Safe playing fields. We talk about this all the time. It’s the first pillar in our hallowed triad: safety, playability, appearance. A safe field should be the prerequisite, an absolute must. We all know of situations where a field has been deemed unsafe for play, and the games moved, postponed or canceled. Hardness guidelines will be coming soon.

The next step will be a growing nationwide emphasis on field safety in general. The lawyers will trump the bean counters, and more adequate resources for field management will be allocated. Some facilities and organizations are already ahead on this issue, with many fields being safety checklisted routinely by the field prep team. It’s time we begin to get our arms around the idea of sports field safety and how we can fulfill our role as partners in the game.

As sports field managers, field safety is our top priority, and yet we struggle to define it. We know an unsafe field when we see one, but what really constitutes a reasonable safety checklist for an athletic field? What exactly do we mean when we talk about a safe playing field?

I like to visit and walk the park and school athletic fields where I live. Try it sometime, you can really learn a lot. I see fields I would never allow a child of mine to play on, and I see fields that would be fit for professional sports teams. It really runs the gamut in terms of field safety and quality. I also see the newer fields as part of a larger trend toward athletic field complexes and away from fields lined out in a park.

It becomes obvious that the baseball and softball fields are usually the highest quality, the soccer fields are next, and the football fields often lag behind, although there are a few excellent exceptions. I wonder why this is so.

I’ve noticed that baseball/softball fields are almost always fenced off and closed to public play. Not so with most soccer and football fields. The boom in lacrosse has really hurt the quality of our football fields, both natural and artificial. It’s really growing rapidly in many parts of our country, and is often played on football fields.

It’s a great sport, but the center hash on the 10-yard lines are generally trashed from goalmouth wear, as is the 50-yard line center point from faceoff (in boys’ lacrosse). The goal line to 5-yard line areas are hit hard by girls’ lacrosse goalmouths.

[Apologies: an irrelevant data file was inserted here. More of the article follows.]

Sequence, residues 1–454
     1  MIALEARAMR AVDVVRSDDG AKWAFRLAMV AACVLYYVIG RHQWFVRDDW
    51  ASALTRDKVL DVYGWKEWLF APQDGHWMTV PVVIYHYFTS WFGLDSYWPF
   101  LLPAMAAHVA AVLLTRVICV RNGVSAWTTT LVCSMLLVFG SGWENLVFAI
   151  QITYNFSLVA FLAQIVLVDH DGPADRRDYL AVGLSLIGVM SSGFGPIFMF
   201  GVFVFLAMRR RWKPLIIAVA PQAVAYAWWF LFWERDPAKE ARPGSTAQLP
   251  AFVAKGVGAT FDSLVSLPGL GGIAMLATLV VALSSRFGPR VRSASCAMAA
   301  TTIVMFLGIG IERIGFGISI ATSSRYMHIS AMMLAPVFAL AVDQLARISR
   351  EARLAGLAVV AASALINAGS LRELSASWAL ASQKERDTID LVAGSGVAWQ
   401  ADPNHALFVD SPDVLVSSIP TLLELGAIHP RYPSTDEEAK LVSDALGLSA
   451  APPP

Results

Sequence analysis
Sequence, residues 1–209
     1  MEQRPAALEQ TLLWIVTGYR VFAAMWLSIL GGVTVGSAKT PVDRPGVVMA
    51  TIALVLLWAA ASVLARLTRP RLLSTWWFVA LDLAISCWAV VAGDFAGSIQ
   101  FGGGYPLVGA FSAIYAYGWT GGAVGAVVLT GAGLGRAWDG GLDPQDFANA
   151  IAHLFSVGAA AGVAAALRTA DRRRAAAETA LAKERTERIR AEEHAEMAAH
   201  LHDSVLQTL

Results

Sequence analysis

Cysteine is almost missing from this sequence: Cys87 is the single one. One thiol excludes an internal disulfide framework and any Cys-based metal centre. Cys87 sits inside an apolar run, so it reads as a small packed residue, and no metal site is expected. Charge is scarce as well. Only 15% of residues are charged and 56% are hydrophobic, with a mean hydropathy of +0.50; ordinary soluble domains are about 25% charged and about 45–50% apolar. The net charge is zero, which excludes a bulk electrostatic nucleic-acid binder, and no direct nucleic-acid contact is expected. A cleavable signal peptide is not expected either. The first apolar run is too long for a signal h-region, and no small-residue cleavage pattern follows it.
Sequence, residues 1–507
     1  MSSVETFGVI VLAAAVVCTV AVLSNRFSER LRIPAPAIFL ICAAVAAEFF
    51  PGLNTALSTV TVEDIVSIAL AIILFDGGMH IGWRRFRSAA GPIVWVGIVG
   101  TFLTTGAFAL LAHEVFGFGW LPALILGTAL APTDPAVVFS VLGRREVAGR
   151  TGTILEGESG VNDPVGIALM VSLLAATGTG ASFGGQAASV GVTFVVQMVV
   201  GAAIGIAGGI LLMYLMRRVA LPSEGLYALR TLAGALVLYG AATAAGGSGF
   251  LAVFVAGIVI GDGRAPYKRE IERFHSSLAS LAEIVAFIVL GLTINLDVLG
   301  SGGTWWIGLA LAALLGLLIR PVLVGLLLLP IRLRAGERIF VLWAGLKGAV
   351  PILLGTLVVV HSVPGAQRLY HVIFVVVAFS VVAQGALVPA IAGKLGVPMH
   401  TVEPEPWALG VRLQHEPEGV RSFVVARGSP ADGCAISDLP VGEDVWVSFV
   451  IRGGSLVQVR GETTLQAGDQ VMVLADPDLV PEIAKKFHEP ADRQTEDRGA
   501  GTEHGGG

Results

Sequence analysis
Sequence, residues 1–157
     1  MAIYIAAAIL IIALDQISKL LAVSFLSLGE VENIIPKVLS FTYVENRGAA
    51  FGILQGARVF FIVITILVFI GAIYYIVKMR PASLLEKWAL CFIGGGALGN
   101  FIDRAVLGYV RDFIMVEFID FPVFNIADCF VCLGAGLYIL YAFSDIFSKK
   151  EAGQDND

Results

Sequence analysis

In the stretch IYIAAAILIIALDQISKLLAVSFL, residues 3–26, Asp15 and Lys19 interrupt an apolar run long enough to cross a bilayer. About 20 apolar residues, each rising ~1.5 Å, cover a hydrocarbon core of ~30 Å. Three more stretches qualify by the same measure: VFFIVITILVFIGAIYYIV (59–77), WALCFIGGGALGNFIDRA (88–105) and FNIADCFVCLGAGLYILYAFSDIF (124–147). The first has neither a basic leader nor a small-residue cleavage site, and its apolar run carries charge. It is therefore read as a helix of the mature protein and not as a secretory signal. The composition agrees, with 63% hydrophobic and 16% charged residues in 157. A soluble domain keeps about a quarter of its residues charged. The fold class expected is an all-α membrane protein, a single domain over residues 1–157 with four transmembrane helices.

My tiny sample size of 30 to 40 fields tells me that this arrangement isn’t working on real grass or artificial turf. On grass fields it causes deep holes that can fill up with water; poor grades from previous repairs; a lack of grass cover; and hard ground. On artificial infill fields it’s worn-out fibers; thin rubber infill from walk-off rubber; and hard ground.

I’m starting to see the entire crease circles replaced on infill fields after they have worn out. Just like a sod patch on a grass field, this creates a small area that can play different than the rest of the field, especially in impact attenuation or hardness.

Consistency is a critical part of sports field safety. Athletes can usually adjust to different conditions, especially elite athletes. It’s the surprises that they don’t like and can’t adjust to.

In my high-altitude, semi-arid climate, perhaps the most prevalent problem I see is poor irrigation practices: outdated components, poorly maintained or neglected and barely managed. Within 10 seconds of arriving at a facility or field, I can tell you if they have an up-to-date irrigation system. The high-quality fields I see all have newer irrigation systems, with small top-diameter heads properly designed, installed and maintained. It’s really quite striking the difference a good irrigation system can make.

In wetter climates I imagine the mirror image to our irrigation problem is drainage and grading. Yes, you really can learn a lot by walking your local community sports fields. I think you’ll see some good and some not so good, and it can be easy to find obvious safety hazards, especially on football/lacrosse fields.

I can’t understand these blatant field safety hazards that should be obvious to anyone involved in the program. Injuries are an inherent risk from playing sports, and no one wants a nanny state. I’m talking about obvious and correctable hazards. Irrigation heads set too high or too low, especially the old large-diameter heads, should never be seen on a field ready for play. Asphalt running and landing pits are common on many traditional football/track complexes, yet some of them are only a few feet from the sideline of the field.

This is where we need to start on our quest for safe playing fields – the obvious safety hazards, the low-hanging fruit. In 1988, the ASTM published “Natural and Artificial Playing Fields: Characteristics and Safety Features.” It includes several papers on safety guidelines in the design and operation of athletic fields. Comb these basic guidelines over some of our playing fields and there are too often issues.

For example, in the football section, they spell out a 30-foot buffer from sideline/end line to any unpadded, hard, fixed object, 20 feet on bench areas. Watch a college football game on TV, especially the neutral site ones like bowl games. They will often violate this guideline with the marching bands and equipment staging on the sidelines or end lines right before halftime. Just ask Detroit Lions receiver Patrick Edwards about his college days. (YouTube-search Patrick Edwards injury).

It is in the best interest of the facility owners and the athletes that we all learn, identify and mitigate these field safety issues in a documented way. The sports field industry has always championed the field safety cause, and more and more people are listening. I can hear George Toma with one of his many bits of wisdom: “The cheapest insurance for any athlete is a good, safe playing surface.”